Archive for November 14th, 2010

The Sunday Matinee, focusing in turn on three films from the 60s cinemas of Italy, Britain, Czechoslovakia, and France, will continue on this site through the end of the year. Despite today’s early posting, the pieces will usually appear Sunday at 2pm EST.

Saturday Night and Sunday Morning, UK, 1960, dir. Karel Reisz

Starring Albert Finney, Rachel Roberts, Shirely Anne Field

Story: Arthur Seaton spends the week working in a factory, and the weekend winning drinking contests, sleeping with a co-worker’s wife, and generally pissing off everyone in sight.

When the British New Wave hit cinemas in the early 60s, with its unprettified portraits of working-class life, it was seen as part of an overall cultural trend, already predominant in literary and theatrical works (from which many of these films, this one included, were adapted): the rise of the “Angry Young Man.” In Look Back in Anger, he’s a snarling young Richard Burton, lashing out at his lover yet displaying a wounded pride when she lashes back. Loneliness of the Long Distance Runner spots him at a borstal, where Tom Courteney runs from authorities until the authorities actually want him to run, at which point he stops. This Sporting Life tackles Richard Harris on the rugby field, A Kind of Loving traps an upwardly mobile Alan Bates in an unwanted marriage, and A Room at the Top locates Laurence Harvey’s insecurity and exploits it through a frustrating relationship with an older, wealthier woman. Saturday Night and Sunday Morning may be the purest take at this iconic figure, unfettered as it is by the apparatus of an athletic narrative or the demands of an equal female protagonist (Roberts and Field, both excellent, are definitely supporting characters here). Yet Albert Finney, as Arthur Seaton, does not initially seem as bitter, desperate, or frustrated as any of those other furious youths – as his opening narration informs us, “I’m out for a good time – the rest is propaganda!” And indeed, in the picture above we see him grinning after falling down a flight of stairs, drunk as a skunk but flush with victory after out-drinking a sailor. Sprawled out on the floor, he couldn’t seem happier but make no mistake: he’s angry as fuck. (more…)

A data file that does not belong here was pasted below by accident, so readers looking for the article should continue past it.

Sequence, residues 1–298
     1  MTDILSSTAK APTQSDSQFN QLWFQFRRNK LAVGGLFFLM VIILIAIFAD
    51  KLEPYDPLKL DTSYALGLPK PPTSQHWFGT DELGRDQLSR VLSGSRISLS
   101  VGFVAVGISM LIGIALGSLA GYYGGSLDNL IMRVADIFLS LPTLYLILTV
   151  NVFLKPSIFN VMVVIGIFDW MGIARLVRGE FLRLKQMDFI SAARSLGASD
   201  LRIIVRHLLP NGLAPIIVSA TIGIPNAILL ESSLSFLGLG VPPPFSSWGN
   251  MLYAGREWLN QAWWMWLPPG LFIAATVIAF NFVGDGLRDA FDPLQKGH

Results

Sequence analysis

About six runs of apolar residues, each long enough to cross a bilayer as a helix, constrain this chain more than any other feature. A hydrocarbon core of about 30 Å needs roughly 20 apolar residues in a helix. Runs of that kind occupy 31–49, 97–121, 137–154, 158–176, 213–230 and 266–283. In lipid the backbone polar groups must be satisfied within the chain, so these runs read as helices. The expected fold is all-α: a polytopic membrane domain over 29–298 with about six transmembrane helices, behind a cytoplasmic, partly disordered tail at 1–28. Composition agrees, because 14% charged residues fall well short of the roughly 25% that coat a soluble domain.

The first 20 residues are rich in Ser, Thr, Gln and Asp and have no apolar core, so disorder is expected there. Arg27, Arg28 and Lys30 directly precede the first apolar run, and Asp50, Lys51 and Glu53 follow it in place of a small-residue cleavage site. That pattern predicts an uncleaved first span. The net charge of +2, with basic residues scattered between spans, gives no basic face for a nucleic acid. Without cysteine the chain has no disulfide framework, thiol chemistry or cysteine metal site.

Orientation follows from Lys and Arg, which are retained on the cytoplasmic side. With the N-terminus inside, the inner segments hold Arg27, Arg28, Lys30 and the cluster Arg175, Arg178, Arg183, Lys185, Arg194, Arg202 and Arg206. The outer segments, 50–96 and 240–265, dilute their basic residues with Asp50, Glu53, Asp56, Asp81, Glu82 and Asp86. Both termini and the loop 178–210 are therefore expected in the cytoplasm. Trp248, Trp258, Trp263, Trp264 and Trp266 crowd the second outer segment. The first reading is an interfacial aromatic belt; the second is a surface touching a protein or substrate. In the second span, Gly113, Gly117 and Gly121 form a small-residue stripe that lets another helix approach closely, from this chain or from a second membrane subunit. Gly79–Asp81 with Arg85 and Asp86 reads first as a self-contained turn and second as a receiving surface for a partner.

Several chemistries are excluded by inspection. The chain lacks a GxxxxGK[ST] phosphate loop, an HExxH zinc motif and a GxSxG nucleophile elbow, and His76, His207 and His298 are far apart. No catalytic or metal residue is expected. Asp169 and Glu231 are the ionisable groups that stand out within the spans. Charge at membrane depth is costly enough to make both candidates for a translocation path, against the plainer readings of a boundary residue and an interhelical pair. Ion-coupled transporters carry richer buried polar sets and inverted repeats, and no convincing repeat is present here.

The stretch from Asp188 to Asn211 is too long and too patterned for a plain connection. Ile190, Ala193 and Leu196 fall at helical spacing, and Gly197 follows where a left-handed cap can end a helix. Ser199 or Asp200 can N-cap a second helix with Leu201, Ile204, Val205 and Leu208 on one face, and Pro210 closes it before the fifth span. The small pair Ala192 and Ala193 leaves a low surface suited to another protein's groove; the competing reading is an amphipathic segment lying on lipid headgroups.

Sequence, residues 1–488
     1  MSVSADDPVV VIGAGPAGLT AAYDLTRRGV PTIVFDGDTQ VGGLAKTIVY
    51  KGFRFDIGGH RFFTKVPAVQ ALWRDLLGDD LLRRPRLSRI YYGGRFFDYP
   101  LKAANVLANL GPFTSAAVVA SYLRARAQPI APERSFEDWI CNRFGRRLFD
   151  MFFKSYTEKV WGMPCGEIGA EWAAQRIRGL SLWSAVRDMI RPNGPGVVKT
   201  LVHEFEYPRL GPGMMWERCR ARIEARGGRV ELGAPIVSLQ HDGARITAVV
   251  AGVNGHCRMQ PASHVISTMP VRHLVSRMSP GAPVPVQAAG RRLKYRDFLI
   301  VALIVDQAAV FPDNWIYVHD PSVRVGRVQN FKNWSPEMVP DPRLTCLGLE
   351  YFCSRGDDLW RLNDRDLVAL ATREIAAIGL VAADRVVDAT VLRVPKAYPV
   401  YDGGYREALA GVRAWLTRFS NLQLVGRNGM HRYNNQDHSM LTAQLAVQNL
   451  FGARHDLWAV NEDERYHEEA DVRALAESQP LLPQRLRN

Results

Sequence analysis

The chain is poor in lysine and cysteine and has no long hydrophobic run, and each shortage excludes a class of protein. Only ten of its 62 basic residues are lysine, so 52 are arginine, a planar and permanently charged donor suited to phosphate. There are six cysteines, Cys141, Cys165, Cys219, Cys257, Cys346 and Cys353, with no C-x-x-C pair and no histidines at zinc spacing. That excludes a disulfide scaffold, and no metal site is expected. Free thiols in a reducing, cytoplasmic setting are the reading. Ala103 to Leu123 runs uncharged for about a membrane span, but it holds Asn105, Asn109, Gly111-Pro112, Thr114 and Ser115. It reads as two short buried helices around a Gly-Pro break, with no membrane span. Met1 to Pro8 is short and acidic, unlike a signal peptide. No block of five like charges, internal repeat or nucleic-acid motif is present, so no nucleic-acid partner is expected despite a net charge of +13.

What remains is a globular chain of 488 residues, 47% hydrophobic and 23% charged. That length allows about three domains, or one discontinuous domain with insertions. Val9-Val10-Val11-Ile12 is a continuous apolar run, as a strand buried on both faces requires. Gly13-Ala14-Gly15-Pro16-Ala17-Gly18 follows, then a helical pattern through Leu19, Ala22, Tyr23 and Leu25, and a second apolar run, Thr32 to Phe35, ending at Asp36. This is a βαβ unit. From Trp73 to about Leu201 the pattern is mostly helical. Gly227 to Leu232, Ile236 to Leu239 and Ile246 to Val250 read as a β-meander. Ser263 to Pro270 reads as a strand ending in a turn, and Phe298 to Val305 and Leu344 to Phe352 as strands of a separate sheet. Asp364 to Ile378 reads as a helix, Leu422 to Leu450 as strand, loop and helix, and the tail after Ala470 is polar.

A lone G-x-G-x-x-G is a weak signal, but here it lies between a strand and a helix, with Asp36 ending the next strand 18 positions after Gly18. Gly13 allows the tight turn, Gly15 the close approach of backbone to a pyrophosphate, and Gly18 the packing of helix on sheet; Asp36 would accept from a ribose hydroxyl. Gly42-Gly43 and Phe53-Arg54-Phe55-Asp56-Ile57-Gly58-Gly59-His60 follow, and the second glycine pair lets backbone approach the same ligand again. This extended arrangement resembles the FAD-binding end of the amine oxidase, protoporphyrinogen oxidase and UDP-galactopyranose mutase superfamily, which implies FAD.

Read Full Post »

(United Kingdom 1988 13 x 5 min)

Writers Terry Brain, Charles Mills; Animators Terry Brain, Charles Mills, Steve Box; Narration Terry Wogan

By Stephen Russell-Gebbett

“ Hidden away, not far from here is “The Land of Do as you’re told!

“The Land of Do as You’re Told!” is one all children can recognise, indeed never too far away. It is a place they wish they wouldn’t have to visit quite so often.

Each bizarre character that lives in its verdant shade is named after a typical piece of parental advice or admonishment: the slothful blanket-shaped ‘Go to Bed’, the mass of hyperactivity ‘Hurryup’, the bouncy ‘Eat your greens’ and so on. Some of these creatures embody the nag after which they are named (such as the neat ‘Tidyup’ and ‘Clean your teeth’ with his blinding grin) while others are yet to learn their lesson (the puddle-splashing, mud-caked ‘Wash your face’).

To children these orders (“Go and play!”) are present enough to be as alive as their parents or even come to define how they see their parents. You would expect those mini-barriers that inspire naughty children to jump into mischief to mutate through a childlike imagination into freakish proportions. Yet this is a pleasant land. It’s colourful, it’s safe, it’s fun. Yes, it’s surprising and strange that Mum and Dad’s everyday annoyances have grown into flesh and blood not as monsters but altogether likeable companions.


Read Full Post »